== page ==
To celebrate National School Choice Week, the Goldwater Institute is highlighting five key areas of education reform. Today's focus is homeschooling. For more information about the Institute's groundbreaking work in this area, visit our Education Reform page.
According to the National Center for Education Statistics, about 1.5 million students in the United States were homeschooled in 2007. One estimate of homeschoolers in Arizona puts the number at over 35,000. When the University of Arizona considered instituting a minimum SAT score only for homeschoolers, the president of the university resisted. Homeschoolers were the least of his problems when it came to students achieving, since homeschoolers have a proven achievement record in colleges and universities.
Homeschooling has come a long way. When my wife and I started homeschooling our daughter in the early 1990s, it had not been that long since homeschool families were pursued by truant officers. Today, homeschooling is much more accepted and takes on many different forms. Homeschoolers create co-ops where parents with different skills and knowledge teach each others’ children. They organize book fairs, sports teams, choirs, and field trips (often getting special praise for good behavior). And, homeschooled kids pretty regularly win the National Spelling Bee.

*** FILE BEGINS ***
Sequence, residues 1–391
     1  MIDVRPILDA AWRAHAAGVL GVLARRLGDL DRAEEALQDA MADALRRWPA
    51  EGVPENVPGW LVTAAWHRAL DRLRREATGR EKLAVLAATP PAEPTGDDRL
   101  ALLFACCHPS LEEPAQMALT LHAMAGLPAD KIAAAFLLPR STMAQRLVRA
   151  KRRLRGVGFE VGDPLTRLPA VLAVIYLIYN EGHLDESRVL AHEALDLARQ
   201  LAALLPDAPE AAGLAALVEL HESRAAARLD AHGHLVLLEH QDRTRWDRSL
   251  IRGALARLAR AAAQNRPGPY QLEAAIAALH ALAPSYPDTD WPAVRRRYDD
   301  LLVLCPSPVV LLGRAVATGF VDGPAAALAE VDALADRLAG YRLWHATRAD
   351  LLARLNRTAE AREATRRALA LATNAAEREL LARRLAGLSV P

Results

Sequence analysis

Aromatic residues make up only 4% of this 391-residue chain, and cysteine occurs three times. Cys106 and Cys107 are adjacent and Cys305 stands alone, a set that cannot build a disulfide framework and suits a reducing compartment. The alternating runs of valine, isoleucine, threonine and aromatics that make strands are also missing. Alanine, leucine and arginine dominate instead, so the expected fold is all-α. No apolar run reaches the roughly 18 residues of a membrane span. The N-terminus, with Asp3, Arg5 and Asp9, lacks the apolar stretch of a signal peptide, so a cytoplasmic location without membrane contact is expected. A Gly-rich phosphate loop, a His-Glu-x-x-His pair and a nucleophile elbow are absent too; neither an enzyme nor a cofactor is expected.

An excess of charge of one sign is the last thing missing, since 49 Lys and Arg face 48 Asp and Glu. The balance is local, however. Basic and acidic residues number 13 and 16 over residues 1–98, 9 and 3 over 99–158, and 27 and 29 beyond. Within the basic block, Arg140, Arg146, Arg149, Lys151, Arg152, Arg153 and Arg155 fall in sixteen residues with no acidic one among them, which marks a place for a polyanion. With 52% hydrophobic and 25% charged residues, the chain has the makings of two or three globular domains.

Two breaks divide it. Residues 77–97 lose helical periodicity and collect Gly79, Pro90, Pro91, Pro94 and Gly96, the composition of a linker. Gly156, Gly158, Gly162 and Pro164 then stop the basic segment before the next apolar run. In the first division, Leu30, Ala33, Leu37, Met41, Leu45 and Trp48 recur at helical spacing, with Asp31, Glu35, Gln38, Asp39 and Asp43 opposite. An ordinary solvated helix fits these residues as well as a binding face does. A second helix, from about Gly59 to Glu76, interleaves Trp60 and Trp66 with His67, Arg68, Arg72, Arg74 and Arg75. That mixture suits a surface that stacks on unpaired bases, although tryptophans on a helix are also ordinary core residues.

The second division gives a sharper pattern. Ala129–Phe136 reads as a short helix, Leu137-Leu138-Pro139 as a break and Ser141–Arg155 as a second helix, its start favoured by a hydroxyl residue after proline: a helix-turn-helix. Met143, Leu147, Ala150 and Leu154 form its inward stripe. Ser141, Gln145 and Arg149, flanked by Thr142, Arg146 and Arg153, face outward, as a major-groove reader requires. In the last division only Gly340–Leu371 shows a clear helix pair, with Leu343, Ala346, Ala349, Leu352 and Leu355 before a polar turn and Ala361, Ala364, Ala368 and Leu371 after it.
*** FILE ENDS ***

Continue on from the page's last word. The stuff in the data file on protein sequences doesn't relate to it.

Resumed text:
Homeschoolers sacrifice a second income in making the choice to educate their children, even as they pay the taxes to support public schools, scholarships to private schools, and charter schools. Education savings accounts hold out the promise that at least some who choose to homeschool will be able to recoup some of the costs they bear for the public system, making homeschooling a viable education choice for more parents.
A to Z Home's Cool Homeschooling: Number of Homeschoolers in the USA
The Old Schoolhouse Magazine: Homeschooling Comes of Age in College Admission (PDF)
National Center for Education Statistics: 1.5 Million Homeschooled Students in the United States in 2007 (PDF)